In measurable and immeasurable ways, on most days during the last five weeks the weather around here has been a fitting complement to the national mood, with a generous supply of clouds, a scarcity of clear days, and a chill that meteorologists say is likely to persist into May.
And if it seems as though the atmosphere itself has come down with something, shortness of breath hasn’t been one of the symptoms.
The Philadelphia region has experienced an unusual sequence of wind events, with gusts of 25 mph or better on 22 days in the last five weeks, including gale-force gusts on seven of those, and three with 50 mph winds or better.
Five times in the last week, at least parts of the region have been under frost or freeze advisories.
Wednesday was an anomaly in Philadelphia in the age of the coronavirus. Officially it was clear, only the fourth such day since March 20, about half of normal.
For all that, some folks might look back fondly on the recent weather. Evidently, it’s about to deteriorate.
“With the pattern expected to stay active probably right through the end of next week, we’ve got multiple chances for rain,” said Jack Boston, a meteorologist with AccuWeather Inc. who specializes in analyzing longer-range patterns. “We’re likely seeing our temperatures stay below normal for the rest of April.”
Whatever happened to April?
The month did get off to a mild start, but temperatures have been below normal for nine consecutive days. That hasn’t happened since the end of February into early March of 2019.
The region and much of the nation have been chilled by a global pattern flip that is about two months late for snow lovers and the eastern ski industry.
“This would have been such a great snow pattern if it occurred during meteorological winter,” said Judah Cohen, a scientist with Atmospheric & Environmental Research in Massachusetts.
A major player has been the so-called North Atlantic Oscillation, an indicator based on the contrasts of air pressure over the Arctic and the north-central Atlantic. When pressures are higher near the pole, as they have been recently, colder air tends to pour into the eastern United States. The NAO was in the opposite phase all winter, said Boston.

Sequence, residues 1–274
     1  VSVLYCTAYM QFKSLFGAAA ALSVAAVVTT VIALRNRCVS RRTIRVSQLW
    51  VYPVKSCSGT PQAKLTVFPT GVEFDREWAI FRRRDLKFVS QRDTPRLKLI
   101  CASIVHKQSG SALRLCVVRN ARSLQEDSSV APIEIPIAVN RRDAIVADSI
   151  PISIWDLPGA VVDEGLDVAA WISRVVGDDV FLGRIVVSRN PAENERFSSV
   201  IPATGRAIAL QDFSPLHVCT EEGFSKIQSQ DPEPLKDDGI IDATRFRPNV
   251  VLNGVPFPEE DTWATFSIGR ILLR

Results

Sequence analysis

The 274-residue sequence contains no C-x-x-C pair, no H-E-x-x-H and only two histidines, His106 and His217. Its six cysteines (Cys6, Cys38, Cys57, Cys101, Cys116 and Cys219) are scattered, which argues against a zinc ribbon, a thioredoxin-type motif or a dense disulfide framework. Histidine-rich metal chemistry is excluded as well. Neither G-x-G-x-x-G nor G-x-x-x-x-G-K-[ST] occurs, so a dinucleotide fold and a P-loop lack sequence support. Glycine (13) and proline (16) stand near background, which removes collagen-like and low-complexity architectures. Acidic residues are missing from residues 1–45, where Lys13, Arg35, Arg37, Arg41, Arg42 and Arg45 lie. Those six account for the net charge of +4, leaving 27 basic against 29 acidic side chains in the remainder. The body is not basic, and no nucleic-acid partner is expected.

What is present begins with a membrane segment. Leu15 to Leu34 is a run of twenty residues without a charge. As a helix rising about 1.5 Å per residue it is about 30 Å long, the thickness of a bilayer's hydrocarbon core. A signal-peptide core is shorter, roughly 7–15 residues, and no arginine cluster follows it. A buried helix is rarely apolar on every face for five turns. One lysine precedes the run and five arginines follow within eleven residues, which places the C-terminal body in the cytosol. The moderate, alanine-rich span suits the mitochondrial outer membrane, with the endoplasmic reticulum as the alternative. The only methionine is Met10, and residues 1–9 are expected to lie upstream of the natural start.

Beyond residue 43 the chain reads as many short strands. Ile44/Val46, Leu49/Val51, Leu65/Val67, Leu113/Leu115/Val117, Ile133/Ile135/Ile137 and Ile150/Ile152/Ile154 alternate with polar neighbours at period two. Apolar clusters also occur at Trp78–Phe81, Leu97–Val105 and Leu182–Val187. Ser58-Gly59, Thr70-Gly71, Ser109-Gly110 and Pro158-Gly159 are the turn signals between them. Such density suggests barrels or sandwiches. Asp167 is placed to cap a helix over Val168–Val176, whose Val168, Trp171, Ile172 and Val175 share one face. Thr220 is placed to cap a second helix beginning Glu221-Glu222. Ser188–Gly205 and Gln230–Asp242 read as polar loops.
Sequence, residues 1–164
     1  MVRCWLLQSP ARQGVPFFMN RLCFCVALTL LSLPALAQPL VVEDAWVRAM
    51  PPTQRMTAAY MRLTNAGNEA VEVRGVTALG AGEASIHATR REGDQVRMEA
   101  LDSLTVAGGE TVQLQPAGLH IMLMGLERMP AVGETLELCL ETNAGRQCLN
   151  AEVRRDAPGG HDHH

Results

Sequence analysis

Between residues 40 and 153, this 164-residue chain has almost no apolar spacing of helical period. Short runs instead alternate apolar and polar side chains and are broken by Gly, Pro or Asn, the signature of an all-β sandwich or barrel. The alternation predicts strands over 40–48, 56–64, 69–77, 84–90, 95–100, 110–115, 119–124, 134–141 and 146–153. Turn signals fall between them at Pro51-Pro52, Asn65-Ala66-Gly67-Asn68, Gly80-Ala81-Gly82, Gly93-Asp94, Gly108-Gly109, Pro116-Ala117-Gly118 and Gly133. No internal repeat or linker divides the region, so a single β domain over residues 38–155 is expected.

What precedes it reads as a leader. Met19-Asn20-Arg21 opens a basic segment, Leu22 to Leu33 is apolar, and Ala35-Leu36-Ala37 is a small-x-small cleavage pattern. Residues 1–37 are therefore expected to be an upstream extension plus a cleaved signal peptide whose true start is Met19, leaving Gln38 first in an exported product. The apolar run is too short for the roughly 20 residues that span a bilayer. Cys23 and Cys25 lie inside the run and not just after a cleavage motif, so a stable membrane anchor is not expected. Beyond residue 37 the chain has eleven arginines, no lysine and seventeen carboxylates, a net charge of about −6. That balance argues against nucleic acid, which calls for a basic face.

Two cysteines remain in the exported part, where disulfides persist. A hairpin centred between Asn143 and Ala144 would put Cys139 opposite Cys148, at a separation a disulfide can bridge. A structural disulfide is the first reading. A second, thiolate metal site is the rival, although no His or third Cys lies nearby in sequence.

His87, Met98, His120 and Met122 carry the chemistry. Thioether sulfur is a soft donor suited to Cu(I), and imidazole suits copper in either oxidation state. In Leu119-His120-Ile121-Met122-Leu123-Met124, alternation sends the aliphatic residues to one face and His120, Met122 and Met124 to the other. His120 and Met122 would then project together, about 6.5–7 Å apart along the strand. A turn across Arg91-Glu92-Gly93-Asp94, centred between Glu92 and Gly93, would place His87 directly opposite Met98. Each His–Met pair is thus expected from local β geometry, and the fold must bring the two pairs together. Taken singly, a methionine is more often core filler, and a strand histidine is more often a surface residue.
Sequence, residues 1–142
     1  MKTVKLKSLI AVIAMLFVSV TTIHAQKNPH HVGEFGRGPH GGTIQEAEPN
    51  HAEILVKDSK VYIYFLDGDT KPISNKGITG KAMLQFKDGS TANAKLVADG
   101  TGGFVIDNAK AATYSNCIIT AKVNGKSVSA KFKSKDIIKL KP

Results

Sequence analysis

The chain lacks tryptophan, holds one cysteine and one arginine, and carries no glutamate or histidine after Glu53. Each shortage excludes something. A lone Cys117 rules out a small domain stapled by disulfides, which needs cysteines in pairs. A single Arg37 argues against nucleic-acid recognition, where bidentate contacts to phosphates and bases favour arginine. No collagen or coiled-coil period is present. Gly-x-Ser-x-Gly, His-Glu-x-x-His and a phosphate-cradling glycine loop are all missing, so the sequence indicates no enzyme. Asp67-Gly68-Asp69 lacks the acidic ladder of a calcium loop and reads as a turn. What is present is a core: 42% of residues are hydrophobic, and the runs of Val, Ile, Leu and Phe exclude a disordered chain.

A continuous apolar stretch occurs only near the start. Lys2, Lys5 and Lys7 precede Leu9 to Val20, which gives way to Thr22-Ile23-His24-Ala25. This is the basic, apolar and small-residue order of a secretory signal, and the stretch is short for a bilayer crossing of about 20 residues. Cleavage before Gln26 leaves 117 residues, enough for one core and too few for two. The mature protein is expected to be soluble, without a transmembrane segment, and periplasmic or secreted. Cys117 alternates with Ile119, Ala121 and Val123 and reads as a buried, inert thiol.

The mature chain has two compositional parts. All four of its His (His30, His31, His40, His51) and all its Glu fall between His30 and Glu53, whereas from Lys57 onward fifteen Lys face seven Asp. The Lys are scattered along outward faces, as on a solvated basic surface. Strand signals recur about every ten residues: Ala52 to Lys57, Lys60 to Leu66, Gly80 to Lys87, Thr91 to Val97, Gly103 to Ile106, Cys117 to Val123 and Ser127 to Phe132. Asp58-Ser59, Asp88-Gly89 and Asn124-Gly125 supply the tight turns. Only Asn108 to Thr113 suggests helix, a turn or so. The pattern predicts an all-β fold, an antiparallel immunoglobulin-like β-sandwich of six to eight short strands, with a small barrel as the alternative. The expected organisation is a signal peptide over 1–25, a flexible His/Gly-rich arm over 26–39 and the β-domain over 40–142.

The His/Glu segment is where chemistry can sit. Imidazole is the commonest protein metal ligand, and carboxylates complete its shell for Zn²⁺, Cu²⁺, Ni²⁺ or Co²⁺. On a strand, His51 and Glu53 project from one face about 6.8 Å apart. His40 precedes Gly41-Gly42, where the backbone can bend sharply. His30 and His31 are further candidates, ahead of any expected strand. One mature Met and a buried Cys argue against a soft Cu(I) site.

At the same time, sprawling high pressure in Yukon has been exporting cold air. Winds circulate clockwise around centers of highs, so winds to the east of the center are from the north and northwest. One symptom of the export factor: Anchorage, Alaska, was quite cool early in the month, but temperatures have been 2 to 6 degrees above normal during the last several days.
“The coldest circulation in the Northern Hemisphere has actually been dragged down from the polar regions,” said Boston. “So we get cold-air shot after cold-air shot.”
Rainfall has been close to normal, but Boston said that’s probably the result of luck, and in his view and the National Weather Service’s, that luck is about change.
Wet times ahead
Boston said the subtropical jet stream, which is a major storm expressway that delivers precipitation to the East, has been quite active.
The South has been drenched by heavy rainstorms, as have areas to the north of the Philadelphia region. Boston said we’re about to get our turn.
Clouds return Thursday. Rain is likely late in the day and is expected to continue through much of Friday, Boston said. Another dousing is possible from Saturday night on into Monday, and maybe yet another in the middle of the week.
Daytime highs will be in the upper 50s and low 60s, as much as 10 degrees below normal.
And all signs indicate that it’s wise to keep the sweaters handy.
“That kind of coolish pattern is going to linger into May," said Boston. Both the Climate Prediction Center and Cohen concur.
Said Boston, “I’d be really shocked that it does any better than low 70s in the first half of May.”